The Haves and the Have-nots – it’s only relative
The area is known as Flatbush – the Anglicization of the colonial Dutch Vlackbos. The Brighton line runs through a trench that bisects East 17th and East 18th Streets – demarking the haves from the have-nots – not unlike our own Highway 101 on the San Francisco peninsula. Funny how that works out. Bobby grew up in a 4-story walk-up; I grew up in a 1-bedroom apartment in a 6-story building with elevators. A placard from the 1960's on the side of the building still directs people to the basement where emergency supplies were stored in case we were nuked. A footbridge connected my block (the relative have-nots) over the train tracks to the coveted Victorian Flatbush neighborhood and its impressive mansions (the haves). These blocks are now used as back lot exteriors for television and movie production. My father always parked his car on the haves side and used the bridge to walk back home. This footbridge existed until the haves decided such access by thehave-nots wouldn’t do and arranged for the removal of the bridge. Victorian Flatbush included the remnants of the manse owned by the Ex-Lax family, and another inhabited by a family of bachelor brothers and spinster sisters, who rattled around inside. Someone resembling Uncle Fester greeted visitors at the door.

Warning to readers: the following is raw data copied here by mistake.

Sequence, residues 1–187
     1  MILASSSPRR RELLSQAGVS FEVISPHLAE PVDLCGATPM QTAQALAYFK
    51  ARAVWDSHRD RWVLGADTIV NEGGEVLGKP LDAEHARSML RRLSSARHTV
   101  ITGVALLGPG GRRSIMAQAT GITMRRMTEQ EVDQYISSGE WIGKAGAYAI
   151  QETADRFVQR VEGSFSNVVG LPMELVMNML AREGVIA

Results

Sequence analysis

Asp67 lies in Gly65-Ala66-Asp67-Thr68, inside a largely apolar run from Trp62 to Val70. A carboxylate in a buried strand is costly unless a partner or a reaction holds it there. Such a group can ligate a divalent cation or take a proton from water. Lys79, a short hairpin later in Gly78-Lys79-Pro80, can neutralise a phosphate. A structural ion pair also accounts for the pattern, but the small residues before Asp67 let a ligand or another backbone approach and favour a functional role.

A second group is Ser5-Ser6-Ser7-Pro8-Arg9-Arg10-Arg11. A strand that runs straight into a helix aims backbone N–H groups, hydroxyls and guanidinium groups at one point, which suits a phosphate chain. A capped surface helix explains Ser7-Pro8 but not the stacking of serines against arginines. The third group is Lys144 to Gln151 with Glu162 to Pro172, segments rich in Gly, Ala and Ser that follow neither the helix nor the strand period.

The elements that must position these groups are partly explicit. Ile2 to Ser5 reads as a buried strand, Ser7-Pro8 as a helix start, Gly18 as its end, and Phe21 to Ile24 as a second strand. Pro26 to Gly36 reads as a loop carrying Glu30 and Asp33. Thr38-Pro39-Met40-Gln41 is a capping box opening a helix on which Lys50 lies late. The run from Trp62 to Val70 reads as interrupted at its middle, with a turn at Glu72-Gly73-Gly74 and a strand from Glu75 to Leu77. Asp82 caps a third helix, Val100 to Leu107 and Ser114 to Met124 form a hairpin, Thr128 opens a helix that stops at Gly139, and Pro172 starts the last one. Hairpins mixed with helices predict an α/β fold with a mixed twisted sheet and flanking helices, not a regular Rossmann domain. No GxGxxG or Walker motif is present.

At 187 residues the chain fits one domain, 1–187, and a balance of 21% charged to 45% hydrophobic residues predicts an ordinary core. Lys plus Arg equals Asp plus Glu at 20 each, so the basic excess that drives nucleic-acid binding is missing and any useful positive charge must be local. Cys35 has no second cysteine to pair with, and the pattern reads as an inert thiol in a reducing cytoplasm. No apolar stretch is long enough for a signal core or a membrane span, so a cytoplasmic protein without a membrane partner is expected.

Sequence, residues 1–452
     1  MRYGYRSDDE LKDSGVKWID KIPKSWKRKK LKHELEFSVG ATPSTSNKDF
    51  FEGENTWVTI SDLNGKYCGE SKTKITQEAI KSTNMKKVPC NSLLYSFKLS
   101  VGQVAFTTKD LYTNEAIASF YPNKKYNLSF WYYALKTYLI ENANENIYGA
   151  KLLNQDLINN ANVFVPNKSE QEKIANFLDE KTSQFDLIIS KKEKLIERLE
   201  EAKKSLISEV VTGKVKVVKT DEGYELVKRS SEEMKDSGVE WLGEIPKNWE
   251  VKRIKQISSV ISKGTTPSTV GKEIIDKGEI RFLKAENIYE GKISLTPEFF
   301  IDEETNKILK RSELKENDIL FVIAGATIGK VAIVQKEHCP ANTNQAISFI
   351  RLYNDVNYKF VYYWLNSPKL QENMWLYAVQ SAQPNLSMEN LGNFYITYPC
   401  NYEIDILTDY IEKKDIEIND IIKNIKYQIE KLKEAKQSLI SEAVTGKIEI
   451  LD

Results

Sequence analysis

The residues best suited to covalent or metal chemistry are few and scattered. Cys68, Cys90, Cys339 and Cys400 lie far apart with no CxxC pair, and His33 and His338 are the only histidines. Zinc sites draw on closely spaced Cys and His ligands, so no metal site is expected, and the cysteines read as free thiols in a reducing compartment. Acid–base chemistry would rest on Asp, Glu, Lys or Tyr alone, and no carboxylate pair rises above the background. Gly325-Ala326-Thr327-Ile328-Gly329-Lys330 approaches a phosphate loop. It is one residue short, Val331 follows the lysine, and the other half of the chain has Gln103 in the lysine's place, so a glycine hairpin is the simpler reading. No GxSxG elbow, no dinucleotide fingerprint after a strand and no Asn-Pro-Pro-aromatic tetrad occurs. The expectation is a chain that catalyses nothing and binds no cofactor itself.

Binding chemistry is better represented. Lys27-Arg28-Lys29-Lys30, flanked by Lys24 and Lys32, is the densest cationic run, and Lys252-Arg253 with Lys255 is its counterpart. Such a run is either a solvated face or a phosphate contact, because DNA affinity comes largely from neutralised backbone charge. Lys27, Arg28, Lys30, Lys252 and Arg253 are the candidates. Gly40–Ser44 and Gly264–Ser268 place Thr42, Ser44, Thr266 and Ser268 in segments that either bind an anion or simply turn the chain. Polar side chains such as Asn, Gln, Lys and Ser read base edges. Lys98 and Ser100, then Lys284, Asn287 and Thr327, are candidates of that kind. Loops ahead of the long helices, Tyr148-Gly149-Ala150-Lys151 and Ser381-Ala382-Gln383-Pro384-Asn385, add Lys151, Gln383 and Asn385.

Another artifact of the neighborhood was a private tennis club (near a street actually called Tennis Ct), nested between the subway trench and apartment buildings. In the 60’s club membership was ‘restricted’, but we were welcomed during our tour when we visited this once-forbidden territory. Bobby was unaware of the a secret back door to the club, across from my apartment building.
The walking tour – after 2 hours – required a pitstop at a bar on Cortelyou Road before heading back to the train.
Twenty years after W.W. II, the angst was finally turned into comedy, notably on Rowan and Martin’s Laugh-In, and Mel Brooks’ film The Producers with the show-stopping musical number Springtime for Hitler. At last it was safe to laugh at Nazis.
When Bobby provided me with a copy of Bobby in Naziland I retreated to my hotel and began the dive into his early life and mine. I couldn’t put the book down. When officially published, Bob should arrange for a signing and reading at Kepler’s Books in Menlo Park.